- Mar 24, 2011
Android Security Problems?
Another overwrought security vulnerability story rippled the news cycle recently. As DigitalTrends put it: Researchers at IBM have published a report detailing a serious vulnerability in the KeyStore that affects 86 percent of Android devices.
Only that isnt true. Its really just 10 percent of Android devices that are vulnerable; specifically, devices running Android v4.3 (Jelly Bean). But DigitalTrends, like a lot of other tech FUD/news sites, hasnt corrected that error as of this writing.
Furthermore, serious vulnerability is a serious misstatement. The bug is a buffer-overflow vulnerability which a hacker can exploit to gain administrator-level control over a device, but only if the hacker can get through all of the anti-tampering safeguards built into Android. Its about as serious as leaving a door open in the basement of Fort Knox.
That said, this tempest in a teapot highlights a different problem with Android, which pundits refer to as "Android fragmentation." In a nutshell, it means there are too many versions, and not enough support.
Google fixed this bug only in the latest v4.4 (KitKat), leaving all earlier versions unpatched. (Of course, only v4.3 needs patching; versions prior to that dont have this vulnerability.)
A related symptom of the too many versions problem is Google Wear, the companys latest OS for wearable devices such as smartwatches, health monitors, etc. Apps that work with Wear will not run on any Android version lower than 4.3, leaving about 75 percent of active Android devices to Wear nothing. Naked Androids? Run for the hills!
Why Can't I Upgrade?
Why are there so many obsolete versions of Android still in use? Why dont those users upgrade their operating systems, as Ive constantly exhorted desktop OS users to do? Well, for once users cant be blamed; most Android devices cannot be upgraded to the latest OS version by users alone.
You cant just go to the Android website and download the latest version to install on your device. Thats because the pristine Android OS wont do what your Android device is designed to do. The Android running on your phone or tablet has been heavily customized by the device maker to take full advantage of the particular hardware platform that the manufacturer has designed. You have to get that customized device-specific Android software from the device maker.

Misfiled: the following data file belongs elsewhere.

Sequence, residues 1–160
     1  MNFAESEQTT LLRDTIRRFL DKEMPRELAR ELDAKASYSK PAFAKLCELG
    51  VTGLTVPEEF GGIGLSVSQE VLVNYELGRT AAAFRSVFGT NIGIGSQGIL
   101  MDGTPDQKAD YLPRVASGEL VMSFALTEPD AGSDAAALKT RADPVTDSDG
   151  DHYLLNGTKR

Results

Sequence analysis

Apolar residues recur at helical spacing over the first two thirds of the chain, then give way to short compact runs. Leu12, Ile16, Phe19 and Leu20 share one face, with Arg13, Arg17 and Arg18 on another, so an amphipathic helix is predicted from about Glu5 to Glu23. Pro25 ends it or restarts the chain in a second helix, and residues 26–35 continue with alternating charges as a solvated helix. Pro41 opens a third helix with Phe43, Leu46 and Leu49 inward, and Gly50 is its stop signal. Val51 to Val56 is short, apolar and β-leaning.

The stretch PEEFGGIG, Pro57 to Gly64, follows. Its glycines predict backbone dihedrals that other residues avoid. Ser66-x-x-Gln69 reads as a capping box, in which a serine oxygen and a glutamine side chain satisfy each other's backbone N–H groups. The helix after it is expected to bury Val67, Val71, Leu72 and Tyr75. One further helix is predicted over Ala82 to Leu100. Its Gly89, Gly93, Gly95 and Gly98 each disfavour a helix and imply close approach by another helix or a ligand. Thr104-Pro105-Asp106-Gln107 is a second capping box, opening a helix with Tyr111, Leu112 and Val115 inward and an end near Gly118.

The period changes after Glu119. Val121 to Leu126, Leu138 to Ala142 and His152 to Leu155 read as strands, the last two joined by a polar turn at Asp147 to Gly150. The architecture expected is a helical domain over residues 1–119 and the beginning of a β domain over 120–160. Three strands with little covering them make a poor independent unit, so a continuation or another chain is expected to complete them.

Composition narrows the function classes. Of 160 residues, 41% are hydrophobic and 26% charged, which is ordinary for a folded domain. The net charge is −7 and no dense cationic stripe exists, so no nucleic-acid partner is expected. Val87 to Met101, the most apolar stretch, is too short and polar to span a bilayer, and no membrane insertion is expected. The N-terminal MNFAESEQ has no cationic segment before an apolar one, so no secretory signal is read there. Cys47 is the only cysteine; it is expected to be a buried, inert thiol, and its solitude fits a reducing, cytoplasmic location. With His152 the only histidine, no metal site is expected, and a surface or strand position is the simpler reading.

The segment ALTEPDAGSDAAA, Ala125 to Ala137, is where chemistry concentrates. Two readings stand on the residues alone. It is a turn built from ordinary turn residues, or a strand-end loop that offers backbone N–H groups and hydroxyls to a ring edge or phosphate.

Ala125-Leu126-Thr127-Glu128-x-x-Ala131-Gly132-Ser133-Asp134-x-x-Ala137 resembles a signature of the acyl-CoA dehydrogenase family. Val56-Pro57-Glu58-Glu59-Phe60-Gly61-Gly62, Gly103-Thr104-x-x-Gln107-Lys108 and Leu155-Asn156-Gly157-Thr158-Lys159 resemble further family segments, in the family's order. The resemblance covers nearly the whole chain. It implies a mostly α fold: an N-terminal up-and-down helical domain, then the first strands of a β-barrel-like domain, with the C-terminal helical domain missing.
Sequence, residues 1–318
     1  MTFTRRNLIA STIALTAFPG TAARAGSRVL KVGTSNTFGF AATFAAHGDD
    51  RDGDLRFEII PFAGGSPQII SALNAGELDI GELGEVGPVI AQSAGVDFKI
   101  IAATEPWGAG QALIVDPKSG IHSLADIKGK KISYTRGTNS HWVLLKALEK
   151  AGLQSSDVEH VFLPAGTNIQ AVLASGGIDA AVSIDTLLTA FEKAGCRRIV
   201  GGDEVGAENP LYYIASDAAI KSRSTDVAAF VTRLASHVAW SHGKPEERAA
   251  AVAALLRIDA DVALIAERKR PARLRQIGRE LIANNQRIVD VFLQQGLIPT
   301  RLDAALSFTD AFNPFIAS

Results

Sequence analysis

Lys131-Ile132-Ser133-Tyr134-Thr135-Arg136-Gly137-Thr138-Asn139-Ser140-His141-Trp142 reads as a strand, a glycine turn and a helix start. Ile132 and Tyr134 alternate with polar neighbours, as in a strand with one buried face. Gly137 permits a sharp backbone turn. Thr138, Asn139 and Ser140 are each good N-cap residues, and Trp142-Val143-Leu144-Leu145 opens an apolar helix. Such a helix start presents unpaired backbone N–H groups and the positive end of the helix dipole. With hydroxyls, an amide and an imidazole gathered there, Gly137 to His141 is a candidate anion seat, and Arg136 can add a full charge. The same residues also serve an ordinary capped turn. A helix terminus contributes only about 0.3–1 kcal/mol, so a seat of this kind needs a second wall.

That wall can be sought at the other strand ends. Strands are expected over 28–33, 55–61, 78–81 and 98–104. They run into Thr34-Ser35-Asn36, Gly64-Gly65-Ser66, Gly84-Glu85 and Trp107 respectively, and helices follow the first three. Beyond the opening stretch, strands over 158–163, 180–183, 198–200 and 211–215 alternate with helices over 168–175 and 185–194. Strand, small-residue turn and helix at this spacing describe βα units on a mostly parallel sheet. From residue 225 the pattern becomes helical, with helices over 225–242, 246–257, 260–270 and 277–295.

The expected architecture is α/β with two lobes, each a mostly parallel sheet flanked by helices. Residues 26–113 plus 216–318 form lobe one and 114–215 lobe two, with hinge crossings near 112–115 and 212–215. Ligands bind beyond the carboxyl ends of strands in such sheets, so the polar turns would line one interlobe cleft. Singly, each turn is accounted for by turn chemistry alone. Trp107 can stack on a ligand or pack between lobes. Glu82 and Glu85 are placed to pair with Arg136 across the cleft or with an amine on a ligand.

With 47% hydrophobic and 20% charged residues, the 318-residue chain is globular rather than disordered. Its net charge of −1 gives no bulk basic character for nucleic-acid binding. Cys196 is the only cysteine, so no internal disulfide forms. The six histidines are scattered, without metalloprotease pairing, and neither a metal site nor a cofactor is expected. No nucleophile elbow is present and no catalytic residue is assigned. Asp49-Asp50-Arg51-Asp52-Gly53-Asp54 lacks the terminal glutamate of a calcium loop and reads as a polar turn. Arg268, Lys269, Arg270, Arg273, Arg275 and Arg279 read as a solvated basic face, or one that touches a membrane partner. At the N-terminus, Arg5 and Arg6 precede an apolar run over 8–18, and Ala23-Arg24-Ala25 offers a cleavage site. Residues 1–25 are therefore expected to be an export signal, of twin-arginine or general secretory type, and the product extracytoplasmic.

So why dont manufacturers make their custom versions of Android available to customers as soon as a new version of original Android is released? Because that new version would have to be customized again, and that is a herculean, expensive, lengthy undertaking. By the time a customized Android upgrade was ready, the hardware that consumers expect would be radically different and the upgrade would not enable all of the hardwares new features, if the upgrade ran at all.
Carriers like Verizon, AT&T, T-mobile, and Sprint contribute to the obsolete OS problem by binding customers to two-year contracts and lengthy phone-upgrade eligibility periods. Few customers are going to take the financial hit of ditching a months-old phone just to get the latest hardware and operating system version. Were seeing some erosion of this barrier to upgrading, but its still pretty high.
I will say that Verizon has been pretty good about providing Android upgrades, at least for the popular Samsung Galaxy models that I've had in the past couple years. My Galaxy S4 received the KitKat (v4.4) upgrade back in May. If you have a less popular or low-end Android device, you've probably not seen an Android OS update since you got your phone or tablet.
But is not having the latest version of Android a real problem or a psychological one? Your lawn mower probably isnt state-of-the-art. Does that cause you any angst? Do you expect the maker to send you an upgrade kit every time a new model comes out? Most people are perfectly happy if a lawn mower just cuts the grass quickly enough with a tolerable amount of effort.
But... but... SECURITY VULNERABILTIES! As I explained above, very few hysterically reported security holes matter at all. Those that do matter get patched in older versions of operating systems. Those that dont matter are simply closed in the next full release.
Old Androids Never Die, They Just Become Bots